• Wilms’ Tumor Overview

    Approximately 500 children, mostly between 2 and 4 years of age, are diagnosed with Wilms' tumor each year in the United States. Most children are successfully treated, usually by partial or full surgical removal of the tumor (depending its size and location). Wilms’ tumor most often starts in the kidneys but, in rare cases, can occur in other parts of the body. It is the most common type of kidney cancer. These tumors can be very large and may spread to other body tissues, most often the lungs.

    While Wilms’ tumor can occur at any age between infancy and age 15, it is usually detected by the time a child is 3. Typically, only one kidney is affected, but nearly 5 percent of children with Wilms’ tumor have tumors in both kidneys. 

    Wilms' Tumor Treatment at Dana-Farber/Boston Children’s 

    Children with Wilms’ tumor are treated at Dana-Farber/Boston Children’s Cancer and Blood Disorders Center through the Kidney Tumor Program within our Solid Tumor Center

    Symptoms & Diagnosis

    The symptoms of Wilms’ tumor may resemble other, more common conditions or medical problems. The most common symptoms are: 

    • Swelling of the abdomen
    • Blood in the urine
    • Abdominal pain
    • Decreased appetite
    • Weakness or tiredness
    • Fever
    • High blood pressure
    • Constipation 

    In addition to a complete physical examination, doctors often recommend a number of different tests to diagnose Wilms’ tumor, including:

    • Abdominal ultrasound – an imaging test that can provide an outline of the kidneys and the tumor and determine if there are problems in the renal or other major veins in the abdomen or determine if there are lesions or tumors in the opposite kidney
    • X-ray – chest or abdominal X-rays can help determine the size and location of the tumor and whether it has spread
    • Computerized tomography (CT or CAT) scan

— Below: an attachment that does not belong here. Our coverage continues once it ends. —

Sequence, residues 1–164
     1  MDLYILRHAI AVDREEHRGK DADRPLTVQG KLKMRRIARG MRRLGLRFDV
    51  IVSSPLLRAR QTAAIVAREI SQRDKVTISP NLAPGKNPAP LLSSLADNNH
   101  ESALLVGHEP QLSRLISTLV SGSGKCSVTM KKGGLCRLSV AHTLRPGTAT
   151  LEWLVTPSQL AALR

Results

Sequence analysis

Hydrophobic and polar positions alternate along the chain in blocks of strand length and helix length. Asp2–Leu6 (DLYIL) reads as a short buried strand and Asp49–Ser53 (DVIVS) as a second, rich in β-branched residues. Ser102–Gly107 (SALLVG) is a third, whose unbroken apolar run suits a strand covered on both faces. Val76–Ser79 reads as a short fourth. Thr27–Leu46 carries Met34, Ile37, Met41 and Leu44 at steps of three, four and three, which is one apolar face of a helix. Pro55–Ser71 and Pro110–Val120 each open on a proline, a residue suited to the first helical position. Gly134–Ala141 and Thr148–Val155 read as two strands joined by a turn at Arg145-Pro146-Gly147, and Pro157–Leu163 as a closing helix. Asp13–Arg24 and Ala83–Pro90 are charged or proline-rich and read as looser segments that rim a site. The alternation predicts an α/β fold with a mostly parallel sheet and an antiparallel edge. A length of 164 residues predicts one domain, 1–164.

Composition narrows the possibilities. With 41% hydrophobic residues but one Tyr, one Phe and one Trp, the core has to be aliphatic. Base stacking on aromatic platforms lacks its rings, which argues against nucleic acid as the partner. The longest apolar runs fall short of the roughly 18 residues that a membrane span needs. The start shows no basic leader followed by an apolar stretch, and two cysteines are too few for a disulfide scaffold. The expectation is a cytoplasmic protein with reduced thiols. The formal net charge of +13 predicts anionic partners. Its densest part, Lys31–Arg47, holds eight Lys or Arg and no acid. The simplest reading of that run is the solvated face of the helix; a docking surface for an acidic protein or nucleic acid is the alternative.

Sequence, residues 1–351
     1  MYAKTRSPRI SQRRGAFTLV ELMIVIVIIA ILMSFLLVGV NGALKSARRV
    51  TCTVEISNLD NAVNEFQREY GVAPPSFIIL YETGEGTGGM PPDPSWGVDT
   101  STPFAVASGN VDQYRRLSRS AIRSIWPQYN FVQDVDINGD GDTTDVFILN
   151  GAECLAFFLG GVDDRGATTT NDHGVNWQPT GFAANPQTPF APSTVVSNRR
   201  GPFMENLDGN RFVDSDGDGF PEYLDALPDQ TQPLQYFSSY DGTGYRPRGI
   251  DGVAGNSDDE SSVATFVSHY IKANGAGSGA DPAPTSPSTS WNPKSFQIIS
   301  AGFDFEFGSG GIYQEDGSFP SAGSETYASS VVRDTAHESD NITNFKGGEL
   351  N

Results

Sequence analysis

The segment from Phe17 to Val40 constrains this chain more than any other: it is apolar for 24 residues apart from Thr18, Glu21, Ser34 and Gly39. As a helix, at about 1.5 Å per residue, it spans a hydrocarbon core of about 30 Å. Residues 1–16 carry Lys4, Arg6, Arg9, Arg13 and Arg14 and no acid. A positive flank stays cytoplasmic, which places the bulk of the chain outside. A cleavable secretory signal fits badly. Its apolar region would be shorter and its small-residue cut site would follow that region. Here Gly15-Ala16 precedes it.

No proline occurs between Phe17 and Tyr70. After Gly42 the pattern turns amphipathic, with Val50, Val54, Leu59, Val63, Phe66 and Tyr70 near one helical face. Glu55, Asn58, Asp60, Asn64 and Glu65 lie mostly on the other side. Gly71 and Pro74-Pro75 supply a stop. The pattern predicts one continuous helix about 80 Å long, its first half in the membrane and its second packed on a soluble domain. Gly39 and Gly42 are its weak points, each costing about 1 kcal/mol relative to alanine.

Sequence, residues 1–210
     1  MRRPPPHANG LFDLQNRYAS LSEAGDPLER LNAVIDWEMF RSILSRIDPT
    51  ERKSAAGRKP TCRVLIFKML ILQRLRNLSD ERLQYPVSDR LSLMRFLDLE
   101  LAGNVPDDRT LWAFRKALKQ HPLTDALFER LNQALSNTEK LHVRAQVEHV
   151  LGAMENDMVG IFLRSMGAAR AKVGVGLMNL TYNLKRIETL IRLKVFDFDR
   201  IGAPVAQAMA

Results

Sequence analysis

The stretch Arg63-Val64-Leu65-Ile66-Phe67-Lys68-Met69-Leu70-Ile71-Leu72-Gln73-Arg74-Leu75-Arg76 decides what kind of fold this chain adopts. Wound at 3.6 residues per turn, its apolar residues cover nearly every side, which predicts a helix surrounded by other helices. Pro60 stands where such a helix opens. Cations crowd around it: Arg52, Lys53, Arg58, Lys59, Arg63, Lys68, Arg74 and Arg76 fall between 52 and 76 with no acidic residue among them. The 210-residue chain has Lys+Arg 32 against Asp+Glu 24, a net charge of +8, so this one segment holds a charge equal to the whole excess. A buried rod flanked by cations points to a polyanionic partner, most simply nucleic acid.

• Magnetic resonance imaging (MRI) – used in some cases to look for tumors in blood vessels or other organs
    • Blood and urine tests – to evaluate kidney function
    • Biopsy – to determine what type of tumor is present

    After all tests are completed, doctors will be able to outline the best treatment options.

    Treatment & Care Options

    A number of treatments are recommended for Wilms’ tumor, including:

    • Surgery – often removal of the entire kidney and tissue around it, as well as the ureter and adrenal gland (which sits on top of the kidney); for children with tumors in both kidneys, kidney-sparing surgery aims to remove the tumor while leaving healthy kidney tissue alone. Surgeons from the Urologic Tumors Program at Boston Children's Hospital are brought in when surgery is required.
    • Chemotherapy and radiation therapy following surgery 
    • Stem cell transplant – used in difficult-to-treat cases

    Progressive or Recurrent Disease

    Anywhere from 15 to 50 percent of children with Wilms’ tumor will experience recurrence, which is treated with additional surgery, chemotherapy  and/or radiation therapy.

    Long-term Outlook

    Anywhere from 15 to 50 percent of children with Wilms’ tumor will experience recurrence, which is treated with additional surgery, chemotherapy  and/or radiation therapy.With prompt, aggressive treatment, most children with Wilms’ tumor are successfully treated and experience relatively few side effects. More aggressive tumors that have spread significantly may be harder to cure. The goal of treatment is both to cure the cancer and minimize the long-term effects of therapy. Children, however, are at some risk of late-effects of the cancer and its treatment, including reduced kidney function, heart and lung problems after chemotherapy or radiation therapy, and slowed or decreased growth and development.
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